We’ve all seen the images of Wayne Rooney looking like he’s had more than few shandies and sat posing for pictures with fans. There’s every chance Jose Mourinho has too. In fact he’d need to have been in a coma not to have seen the images that adorned many of the tabloid papers. Anyone doing a spot of online betting this weekend would probably wager the skipper won’t be starting against Arsenal.
The Mail notes: Rooney might point out that he at least chose to stay at The Grove in Watford when it seems some of his team-mates spent the night in central London. He might also highlight the fact that he was joined in the bar, clearly worse for wear judging by wine stains around his lips, by members of Gareth Southgate’s staff.
But he is supposed to be the leader of this young squad, not just setting an example but sprinkling the ‘gold dust’ Southgate was speaking of only last month. On Wednesday he was forced to apologise to Southgate and reiterate his regret to Dan Ashworth after receiving a dressing down from the FA’s technical director.
Rooney’s actions while on England duty may normally have been ignored by Louis van Gaal and maybe even David Moyes, but Jose Mourinho seems to be cut from the same cloth as Sir Alex Ferguson when it comes to ruling with the iron fist.
The United manager recently came under criticism from the Professional Footballer’s Association for remarks he made about Luke Shaw and Chris Smalling declaring themselves unfit for the game against Swansea.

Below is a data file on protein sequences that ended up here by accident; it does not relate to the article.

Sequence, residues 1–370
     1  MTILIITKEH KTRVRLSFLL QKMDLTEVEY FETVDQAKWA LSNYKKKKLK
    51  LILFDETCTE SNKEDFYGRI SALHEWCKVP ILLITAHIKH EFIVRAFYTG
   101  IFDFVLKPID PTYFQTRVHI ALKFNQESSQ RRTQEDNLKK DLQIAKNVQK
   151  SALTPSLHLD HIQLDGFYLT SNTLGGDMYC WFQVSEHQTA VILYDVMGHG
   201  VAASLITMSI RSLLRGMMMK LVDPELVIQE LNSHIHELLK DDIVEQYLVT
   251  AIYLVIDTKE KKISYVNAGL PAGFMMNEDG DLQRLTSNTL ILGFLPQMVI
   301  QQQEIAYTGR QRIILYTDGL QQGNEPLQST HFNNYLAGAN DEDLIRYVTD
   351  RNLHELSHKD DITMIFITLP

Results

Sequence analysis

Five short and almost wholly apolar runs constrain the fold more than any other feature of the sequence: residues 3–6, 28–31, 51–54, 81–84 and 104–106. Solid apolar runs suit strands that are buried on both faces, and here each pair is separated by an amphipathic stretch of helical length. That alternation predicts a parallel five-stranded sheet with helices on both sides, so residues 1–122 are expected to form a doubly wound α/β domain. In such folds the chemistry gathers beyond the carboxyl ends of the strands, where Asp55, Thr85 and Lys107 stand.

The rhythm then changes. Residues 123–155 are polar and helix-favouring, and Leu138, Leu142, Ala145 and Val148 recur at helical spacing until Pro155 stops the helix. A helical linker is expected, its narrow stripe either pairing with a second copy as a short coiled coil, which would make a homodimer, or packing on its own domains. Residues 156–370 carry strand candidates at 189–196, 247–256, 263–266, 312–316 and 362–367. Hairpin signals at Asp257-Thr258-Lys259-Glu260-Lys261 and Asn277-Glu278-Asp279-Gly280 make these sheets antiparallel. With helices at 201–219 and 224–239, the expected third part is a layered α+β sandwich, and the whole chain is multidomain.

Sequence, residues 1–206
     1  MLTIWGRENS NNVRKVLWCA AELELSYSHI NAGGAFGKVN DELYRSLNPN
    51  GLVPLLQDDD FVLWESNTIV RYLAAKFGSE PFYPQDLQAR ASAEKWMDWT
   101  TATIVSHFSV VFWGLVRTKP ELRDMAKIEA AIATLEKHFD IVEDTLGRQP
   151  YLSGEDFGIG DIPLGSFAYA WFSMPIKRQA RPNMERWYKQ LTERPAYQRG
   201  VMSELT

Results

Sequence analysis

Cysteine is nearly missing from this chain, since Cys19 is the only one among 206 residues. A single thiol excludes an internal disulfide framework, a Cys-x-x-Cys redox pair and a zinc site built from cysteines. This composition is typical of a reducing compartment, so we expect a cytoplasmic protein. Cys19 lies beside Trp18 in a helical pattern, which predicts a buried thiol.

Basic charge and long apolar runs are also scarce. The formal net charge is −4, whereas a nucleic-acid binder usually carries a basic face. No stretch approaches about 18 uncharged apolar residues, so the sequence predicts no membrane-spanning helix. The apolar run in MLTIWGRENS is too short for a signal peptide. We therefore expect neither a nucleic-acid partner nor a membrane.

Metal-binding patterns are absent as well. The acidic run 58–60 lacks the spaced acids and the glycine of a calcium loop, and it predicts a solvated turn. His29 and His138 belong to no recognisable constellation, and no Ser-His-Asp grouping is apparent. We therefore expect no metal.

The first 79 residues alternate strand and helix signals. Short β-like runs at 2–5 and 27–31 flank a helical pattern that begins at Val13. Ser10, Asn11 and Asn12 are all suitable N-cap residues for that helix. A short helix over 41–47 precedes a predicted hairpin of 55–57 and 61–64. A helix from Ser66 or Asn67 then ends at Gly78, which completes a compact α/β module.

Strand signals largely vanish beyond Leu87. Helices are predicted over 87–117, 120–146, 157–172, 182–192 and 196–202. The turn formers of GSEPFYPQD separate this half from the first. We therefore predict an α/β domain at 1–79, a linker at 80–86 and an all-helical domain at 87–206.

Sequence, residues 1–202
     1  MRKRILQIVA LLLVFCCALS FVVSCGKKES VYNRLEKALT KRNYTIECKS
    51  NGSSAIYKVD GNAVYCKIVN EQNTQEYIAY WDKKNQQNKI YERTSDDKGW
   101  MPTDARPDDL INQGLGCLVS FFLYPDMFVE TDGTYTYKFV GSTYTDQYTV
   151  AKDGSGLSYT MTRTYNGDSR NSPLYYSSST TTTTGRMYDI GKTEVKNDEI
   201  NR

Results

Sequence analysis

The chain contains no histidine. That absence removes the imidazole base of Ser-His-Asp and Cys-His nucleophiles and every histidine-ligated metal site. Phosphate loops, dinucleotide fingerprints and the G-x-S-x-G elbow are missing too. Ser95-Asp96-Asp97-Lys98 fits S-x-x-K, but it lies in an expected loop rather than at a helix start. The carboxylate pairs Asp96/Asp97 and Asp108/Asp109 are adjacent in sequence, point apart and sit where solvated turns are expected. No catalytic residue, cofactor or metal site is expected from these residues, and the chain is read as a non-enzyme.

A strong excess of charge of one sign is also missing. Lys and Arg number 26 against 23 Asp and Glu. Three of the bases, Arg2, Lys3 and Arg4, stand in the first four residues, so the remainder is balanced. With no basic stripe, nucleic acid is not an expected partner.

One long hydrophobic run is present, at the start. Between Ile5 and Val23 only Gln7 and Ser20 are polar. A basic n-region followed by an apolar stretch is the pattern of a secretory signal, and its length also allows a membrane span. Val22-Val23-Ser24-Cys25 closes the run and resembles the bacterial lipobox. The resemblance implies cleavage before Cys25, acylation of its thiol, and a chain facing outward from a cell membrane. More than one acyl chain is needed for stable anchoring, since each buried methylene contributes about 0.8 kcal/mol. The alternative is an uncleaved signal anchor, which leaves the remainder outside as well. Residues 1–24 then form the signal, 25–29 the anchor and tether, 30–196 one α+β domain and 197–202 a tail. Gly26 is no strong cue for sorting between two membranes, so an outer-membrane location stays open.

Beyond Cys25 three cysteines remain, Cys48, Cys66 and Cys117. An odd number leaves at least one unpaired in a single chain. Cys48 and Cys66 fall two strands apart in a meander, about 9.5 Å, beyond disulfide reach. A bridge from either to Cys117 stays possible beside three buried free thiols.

Mourinho told MUTV:
“Smalling doesn’t feel that he can play 100% with his pain, Luke Shaw told me this morning that he was not in the condition to play, so we had to build a defensive line,”
“Daley Blind has some problems but he put himself available to be on the bench and to try to help the team, so the people that are here are people that I trust for a difficult match.”
“What I mean is that we have players with problems, but we also have players on the pitch who have problems,” he said.
“I have friends from other sports, playing at the highest level. How many times do they play when they are not 100 per cent?
“I have a friend who is a big tennis player and he tells me that he remembers more times when he has played with pain than the times he has played without any pain.
“To compete, you have to work to the limits. It is a cultural thing, for some. But that’s not my culture.”
With the manager flexing his muscles and his captain recently being forced to apologise for being pictured drunk on a night out while on England duty, it seems there may be more trouble ahead for the United dressing room.
Mourinho has two choices, he can either publicly criticise Rooney, drop him and make an example or simply ignore what is by rights an England issue and avoid another public confrontation with one of his players. Let’s hope for United’s sake, he chooses the latter.